Factors that influence spontaneous reporting of adverse drug reactions: a model centralized in the medical professional

J Eval Clin Pract. 2004 Nov;10(4):483-9. doi: 10.1111/j.1365-2753.2003.00456.x.


Rationale, aims and objectives: The spontaneous reporting of adverse drug reactions (ADRs) through the yellow card and made concrete by the knowledge and attitudes of doctors, has been rousing a great deal of bibliographical interest in recent years. However, there does not seem to be any actual revision in the theme on which the theoretical models that explain the process of decision in reporting are proposed. In this work an explanatory model of the factors that condition reporting is proposed and a revision of the literature on the subject has also been carried out.

Methods: The proposed model is centralized in the medical professional and it considers the habit of reporting as the result of the doctor's formation and his interaction with the environment. The combination of knowledge-attitudes-practices and the theory of the satisfaction of needs seemed very adequate for ADR systematization.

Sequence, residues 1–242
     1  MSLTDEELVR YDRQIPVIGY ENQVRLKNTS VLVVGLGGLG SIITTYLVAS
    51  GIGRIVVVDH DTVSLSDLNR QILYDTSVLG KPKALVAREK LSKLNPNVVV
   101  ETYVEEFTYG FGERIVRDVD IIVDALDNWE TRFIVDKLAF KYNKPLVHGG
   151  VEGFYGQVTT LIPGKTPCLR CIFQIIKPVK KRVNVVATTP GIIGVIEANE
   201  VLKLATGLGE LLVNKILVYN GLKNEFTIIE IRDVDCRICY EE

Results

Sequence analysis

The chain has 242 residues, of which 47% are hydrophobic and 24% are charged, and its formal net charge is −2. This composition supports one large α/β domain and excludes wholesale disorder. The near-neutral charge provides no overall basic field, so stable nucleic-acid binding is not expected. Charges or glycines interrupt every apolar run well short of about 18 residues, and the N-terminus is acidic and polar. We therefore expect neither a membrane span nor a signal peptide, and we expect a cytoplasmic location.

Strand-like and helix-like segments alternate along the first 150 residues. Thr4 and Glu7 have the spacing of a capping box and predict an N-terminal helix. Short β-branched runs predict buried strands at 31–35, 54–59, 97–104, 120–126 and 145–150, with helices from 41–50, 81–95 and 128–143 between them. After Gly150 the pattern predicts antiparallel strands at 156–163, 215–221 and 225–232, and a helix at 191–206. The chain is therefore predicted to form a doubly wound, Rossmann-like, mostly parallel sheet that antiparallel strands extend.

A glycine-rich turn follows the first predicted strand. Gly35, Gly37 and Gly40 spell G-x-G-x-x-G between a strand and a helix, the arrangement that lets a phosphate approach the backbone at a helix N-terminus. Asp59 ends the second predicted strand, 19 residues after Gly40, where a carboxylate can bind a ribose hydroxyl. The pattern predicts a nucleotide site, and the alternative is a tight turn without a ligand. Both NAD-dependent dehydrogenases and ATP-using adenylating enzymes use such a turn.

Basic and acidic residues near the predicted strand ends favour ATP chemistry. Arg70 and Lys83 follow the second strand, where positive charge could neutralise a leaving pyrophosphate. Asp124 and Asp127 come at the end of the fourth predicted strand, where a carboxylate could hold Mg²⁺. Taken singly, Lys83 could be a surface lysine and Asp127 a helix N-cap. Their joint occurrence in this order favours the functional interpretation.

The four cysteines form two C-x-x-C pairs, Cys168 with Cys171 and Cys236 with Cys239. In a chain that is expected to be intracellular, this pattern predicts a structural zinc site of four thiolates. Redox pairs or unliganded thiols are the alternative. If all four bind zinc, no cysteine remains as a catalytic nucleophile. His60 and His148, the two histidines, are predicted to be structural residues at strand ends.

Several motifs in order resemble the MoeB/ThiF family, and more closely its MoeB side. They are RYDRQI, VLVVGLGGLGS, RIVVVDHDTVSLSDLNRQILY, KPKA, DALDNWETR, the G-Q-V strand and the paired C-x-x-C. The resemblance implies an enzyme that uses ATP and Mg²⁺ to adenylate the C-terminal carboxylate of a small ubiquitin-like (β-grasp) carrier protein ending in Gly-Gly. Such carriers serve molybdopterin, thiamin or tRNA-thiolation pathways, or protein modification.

Results and conclusions: The results also indicate that, to improve the participation of health professionals in surveillance systems through spontaneous reporting, it might be necessary to design combined strategies that modify both intrinsic (knowledge, attitudes) and extrinsic (relationship between health professionals and their patients, the national health system and pharmaceutical companies) factors.

Publication types

  • Research Support, Non-U.S. Gov't
  • Review

MeSH terms

  • Adverse Drug Reaction Reporting Systems / statistics & numerical data*
  • Attitude of Health Personnel*
  • Decision Making
  • Health Knowledge, Attitudes, Practice
  • Humans
  • Physicians / psychology*
  • Portugal
  • Product Surveillance, Postmarketing*
  • Risk Management / statistics & numerical data*
  • Spain